Adjusting to Ghanaian culture begins with accepting their perspective of foreigners, or obruni (literally "white person"). Locals will often call out "obruni!" when they see us walk or drive past, but it's not meant to be discriminatory. Calling out "obruni!" is simply a greeting; if you reply with "obibini!" (literally "black person"), they will get excited, shake your hand, and smile. Ghanaians are very polite and generous, especially to obruni. They will sometimes let you cut the line for the chrochro, offer you a gift or special price for a market good, or strike up a conversation with you about your visit. There are touristy spots known as "obruni places", upscale international cuisine restaurants that serve mostly obruni clientele. We eat at such restaurants (Venus and the Chinese restaurant included) a few times a week. They are comfortable, give good service, and have an expansive menu, but they rarely serve local dishes and don't really let you experience the culture. We use them as a nice retreat from the sounds and smells of the city to food and atmosphere we're more familiar with.

There are also markups, or "obruni prices", at local markets. Vendors assume you don't know what a fair price is for goods, and so will start bargaining way too high with the hopes that you take the price immediately. To help us get a good feel for the markets, Bernard told us what a good price is for goods we wanted, which is normally about half of the starting price, so we always start at 1/3rd of the asking price. Because they assume you have lots of money that you're willing to spend, vendors will call out to you (usually with "ssssst", which means "hey, you"), grab your wrist, or pinch you. Vendors excitedly called out "Indian?" to Shreya and Pooja, since Bollywood movies are popular here. Many couldn't understand that you could be North American and not Caucasian, so they didn't believe Pooja when she told them she lived in the US or Shreya when she told them she lived in Canada. Similarly, when I explained to one of the nurses that DC is sunnier and hotter this time of year that it is in Ghana, he didn't understand how I could be from there and be so pale. For most of the people we've met, living a few hours outside your hometown is a big deal, and almost no one has traveled outside of Ghana.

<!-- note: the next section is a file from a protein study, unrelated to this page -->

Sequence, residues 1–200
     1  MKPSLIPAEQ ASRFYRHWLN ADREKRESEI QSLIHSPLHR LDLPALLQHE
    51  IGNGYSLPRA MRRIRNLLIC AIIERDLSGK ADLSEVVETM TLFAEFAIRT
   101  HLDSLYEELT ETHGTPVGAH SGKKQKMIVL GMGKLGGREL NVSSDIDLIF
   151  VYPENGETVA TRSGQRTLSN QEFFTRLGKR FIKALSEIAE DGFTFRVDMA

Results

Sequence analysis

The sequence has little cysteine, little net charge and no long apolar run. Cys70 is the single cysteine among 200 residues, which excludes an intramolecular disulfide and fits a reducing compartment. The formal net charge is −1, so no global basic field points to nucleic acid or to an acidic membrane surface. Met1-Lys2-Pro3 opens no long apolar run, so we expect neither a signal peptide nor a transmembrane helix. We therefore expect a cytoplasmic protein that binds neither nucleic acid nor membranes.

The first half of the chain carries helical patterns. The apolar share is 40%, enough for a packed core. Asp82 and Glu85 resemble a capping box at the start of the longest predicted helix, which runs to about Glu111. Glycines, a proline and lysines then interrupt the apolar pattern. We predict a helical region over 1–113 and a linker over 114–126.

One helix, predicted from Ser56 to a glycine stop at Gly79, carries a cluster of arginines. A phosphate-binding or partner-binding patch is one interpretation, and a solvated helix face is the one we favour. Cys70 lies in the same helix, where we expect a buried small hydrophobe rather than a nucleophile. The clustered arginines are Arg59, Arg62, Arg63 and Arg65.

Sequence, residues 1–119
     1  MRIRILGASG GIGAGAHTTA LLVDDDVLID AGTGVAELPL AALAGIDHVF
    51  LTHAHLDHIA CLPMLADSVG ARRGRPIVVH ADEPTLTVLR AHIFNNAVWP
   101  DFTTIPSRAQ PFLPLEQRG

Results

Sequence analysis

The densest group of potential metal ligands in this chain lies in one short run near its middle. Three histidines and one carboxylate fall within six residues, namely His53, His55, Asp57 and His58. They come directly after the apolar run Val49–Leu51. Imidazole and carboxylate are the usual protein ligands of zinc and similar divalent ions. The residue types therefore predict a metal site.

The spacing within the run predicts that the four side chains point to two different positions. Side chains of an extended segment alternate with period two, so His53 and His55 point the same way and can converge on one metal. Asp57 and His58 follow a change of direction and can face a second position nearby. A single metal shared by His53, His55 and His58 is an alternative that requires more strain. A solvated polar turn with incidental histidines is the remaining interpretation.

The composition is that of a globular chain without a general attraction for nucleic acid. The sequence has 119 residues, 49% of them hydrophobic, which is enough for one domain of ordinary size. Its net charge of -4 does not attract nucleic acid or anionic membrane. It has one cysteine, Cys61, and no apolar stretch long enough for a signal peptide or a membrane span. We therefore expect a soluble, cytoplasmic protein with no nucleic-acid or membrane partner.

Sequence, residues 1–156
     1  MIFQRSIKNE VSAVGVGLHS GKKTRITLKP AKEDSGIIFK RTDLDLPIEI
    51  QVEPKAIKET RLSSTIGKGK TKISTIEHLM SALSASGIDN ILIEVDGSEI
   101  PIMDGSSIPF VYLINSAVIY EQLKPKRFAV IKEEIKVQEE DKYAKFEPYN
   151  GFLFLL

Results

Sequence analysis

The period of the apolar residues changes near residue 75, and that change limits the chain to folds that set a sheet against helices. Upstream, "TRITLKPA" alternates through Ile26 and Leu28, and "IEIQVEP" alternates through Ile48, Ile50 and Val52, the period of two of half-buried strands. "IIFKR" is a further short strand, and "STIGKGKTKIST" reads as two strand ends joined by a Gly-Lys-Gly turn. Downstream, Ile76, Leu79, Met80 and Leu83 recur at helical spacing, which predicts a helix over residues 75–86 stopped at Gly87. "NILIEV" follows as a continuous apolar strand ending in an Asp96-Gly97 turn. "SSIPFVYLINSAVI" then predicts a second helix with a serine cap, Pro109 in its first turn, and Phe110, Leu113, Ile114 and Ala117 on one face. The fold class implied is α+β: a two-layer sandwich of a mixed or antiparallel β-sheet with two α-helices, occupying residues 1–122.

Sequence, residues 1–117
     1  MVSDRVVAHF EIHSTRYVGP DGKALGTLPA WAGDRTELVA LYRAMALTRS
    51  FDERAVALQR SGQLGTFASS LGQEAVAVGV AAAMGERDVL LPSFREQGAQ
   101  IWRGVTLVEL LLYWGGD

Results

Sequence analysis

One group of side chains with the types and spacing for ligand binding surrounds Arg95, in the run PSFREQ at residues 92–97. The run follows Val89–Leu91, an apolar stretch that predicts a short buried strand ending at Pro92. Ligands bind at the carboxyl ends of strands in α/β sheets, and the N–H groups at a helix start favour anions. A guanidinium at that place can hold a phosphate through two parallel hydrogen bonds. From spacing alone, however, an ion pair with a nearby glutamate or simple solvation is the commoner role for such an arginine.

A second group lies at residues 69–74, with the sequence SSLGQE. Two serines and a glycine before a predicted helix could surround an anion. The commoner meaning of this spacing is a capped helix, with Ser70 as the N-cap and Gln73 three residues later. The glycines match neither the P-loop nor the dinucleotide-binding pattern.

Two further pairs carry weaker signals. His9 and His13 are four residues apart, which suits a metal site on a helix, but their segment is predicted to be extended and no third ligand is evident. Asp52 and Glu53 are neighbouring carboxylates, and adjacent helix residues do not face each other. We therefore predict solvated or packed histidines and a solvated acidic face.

The UOregon folks had the same experience, and this article about perceptions of foreigners in Ghana sums it up pretty nicely. They also explored the Kumasi market, in all its intensely chaotic glory. For anyone who can, I would recommend walking around the Kumasi market at night. We nearly got lost there trying to find some good quick food after all the shops had closed and stumble upon an open field of abandoned train tracks, where hundreds of people were cooking their dinners over open fires behind the shop stalls.

For Chloe's birthday, we ate at Moti Mahal, an Indian obruni restaurant. Kate wanted to meet us on the way, so we took the chrochro to the main traffic circle and waited. At the traffic circle, a woman in a pink dress came up and hugged Ricarda, who didn't know who she was and replied "no, thank you", assuming she was a street vendor. Turns out it was Kate! The food was good, but not spectacular, but the service was fantastic. We were the only people in the restaurant, and afterwards we had the sports bar to ourselves to play pool and watch the Olympics. So far, we've been able to catch snippets of the Olympics in nearly every restaurant we've been to, but unfortunately the coverage is by the national news channel and gets cut off by the nightly news or other shows. Today we watched 2km steeplechase, and hopefully we'll be able to see more track & field before the games are over.